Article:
Amid gloomy economic news, New York Gov. David Paterson yesterday called for investing in renewable energy and conservation in his first state of the state speech.

The program, called "45 by 15," would set a goal of meeting 45% of the state's electricity needs through renewable energy and energy conservation by 2015. The program would be financed through a surcharge to utility bills.

It wasn't clear at press time whether the program would using bonding or would be pay as you go. Additionally, Paterson called for the creation of a consortium to do research and development on hybrid electric batteries and energy storage technology that could be used in electric cars. The consortium would utilize programs in partnership with the New York State Energy Research and Development Authority.

Paterson repeated oft-made statements about the need for action to close the state's gaping budget deficit that has opened up as the nation entered recession and the financial industry staggered.

"The state of our state is perilous," Paterson said. "New York faces an historic economic challenge, the gravest in nearly a century."

Last month, he released his budget proposal five weeks before the statutory deadline. That proposal would slash spending and raise revenue through taxes and fees to close a $1.7 billion deficit in the current fiscal year and a $13.7 billion deficit in fiscal 2010, while capital spending and borrowing would increase. The state's fiscal year begins on April 1.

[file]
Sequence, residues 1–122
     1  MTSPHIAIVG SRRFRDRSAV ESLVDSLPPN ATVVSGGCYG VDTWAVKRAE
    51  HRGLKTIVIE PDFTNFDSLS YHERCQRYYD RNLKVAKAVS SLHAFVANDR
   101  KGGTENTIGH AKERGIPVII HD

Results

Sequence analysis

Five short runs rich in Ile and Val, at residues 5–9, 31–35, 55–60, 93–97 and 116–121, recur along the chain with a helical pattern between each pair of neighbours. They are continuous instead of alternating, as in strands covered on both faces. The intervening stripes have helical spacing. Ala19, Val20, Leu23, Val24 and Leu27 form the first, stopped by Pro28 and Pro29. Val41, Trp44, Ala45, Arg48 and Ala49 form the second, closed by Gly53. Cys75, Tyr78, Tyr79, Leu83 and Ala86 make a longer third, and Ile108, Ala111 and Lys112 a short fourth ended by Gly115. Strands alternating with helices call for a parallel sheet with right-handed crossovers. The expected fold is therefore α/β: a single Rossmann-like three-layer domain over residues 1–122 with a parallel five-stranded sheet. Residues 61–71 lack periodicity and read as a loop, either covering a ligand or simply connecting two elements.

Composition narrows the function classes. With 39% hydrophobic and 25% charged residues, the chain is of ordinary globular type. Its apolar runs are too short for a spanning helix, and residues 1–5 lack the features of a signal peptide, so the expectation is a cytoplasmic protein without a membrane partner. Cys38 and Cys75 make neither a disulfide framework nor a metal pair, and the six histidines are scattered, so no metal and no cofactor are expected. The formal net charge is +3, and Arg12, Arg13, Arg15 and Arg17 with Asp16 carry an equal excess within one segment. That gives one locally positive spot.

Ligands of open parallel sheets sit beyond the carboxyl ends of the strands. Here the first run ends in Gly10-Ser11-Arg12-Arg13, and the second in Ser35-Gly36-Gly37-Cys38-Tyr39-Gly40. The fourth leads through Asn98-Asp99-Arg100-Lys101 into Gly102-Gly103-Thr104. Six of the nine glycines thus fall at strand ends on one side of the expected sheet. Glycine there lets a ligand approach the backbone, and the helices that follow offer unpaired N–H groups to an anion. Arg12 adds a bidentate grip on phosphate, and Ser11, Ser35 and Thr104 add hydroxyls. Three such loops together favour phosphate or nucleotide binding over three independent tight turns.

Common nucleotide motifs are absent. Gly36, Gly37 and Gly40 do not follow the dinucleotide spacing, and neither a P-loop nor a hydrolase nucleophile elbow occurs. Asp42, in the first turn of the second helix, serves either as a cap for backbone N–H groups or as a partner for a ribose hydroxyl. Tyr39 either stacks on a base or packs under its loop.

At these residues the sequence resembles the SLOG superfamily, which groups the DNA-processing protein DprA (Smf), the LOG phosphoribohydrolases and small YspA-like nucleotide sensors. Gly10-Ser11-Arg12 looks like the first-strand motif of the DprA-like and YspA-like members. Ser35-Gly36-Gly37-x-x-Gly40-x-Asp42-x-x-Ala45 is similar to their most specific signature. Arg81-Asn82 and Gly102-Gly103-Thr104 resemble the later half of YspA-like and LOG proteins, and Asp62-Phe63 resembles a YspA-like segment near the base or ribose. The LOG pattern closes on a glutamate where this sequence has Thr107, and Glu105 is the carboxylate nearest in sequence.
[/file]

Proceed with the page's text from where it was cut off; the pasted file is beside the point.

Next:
Paterson has argued against imposing a new tax on high-income individuals, alternately stating that it would drive wealthy New Yorkers out of the state or that such a tax was a tool that should be used only as a last resort. But Assembly Speaker Sheldon Silver, D-Manhattan, hinted yesterday the "millionaires tax" could be on the table.

"As we work to pass a fair, balanced, and on-time budget, we will ensure that the burden of addressing the current crisis does not fall disproportionately onto the backs of New York's working families, but there is no way to sugarcoat the situation," Silver said.

Also yesterday, a new power dynamic began to take shape as Malcolm Smith, D-Queens, took control of the state Senate, giving Democrats control over the Legislature and governorship.

New York Republican State Committee chairman Joseph Mondello said in a press release that the governor's proposals were a "recipe for economic disaster" and called for spending and tax cuts.

"By calling for dramatic increases in taxes and ever-higher state spending, the governor seems set on driving our state right over the cliff into the abyss of unprecedented fiscal meltdown," Mondello said. "State government has no choice but to meet this unprecedented crisis by immediately beginning to unsnarl and unravel the vast state bureaucracy, rein in the ever-expanding network of entitlement programs, and enact deep and across the board cuts in state spending."

Paterson also called on the Legislature to pass the recommendations of a state commission to help fund the Metropolitan Transportation Authority's operating and capital needs.

The commission, headed by former MTA chairman Richard Ravitch, in December proposed a payroll tax and tolling certain bridges.

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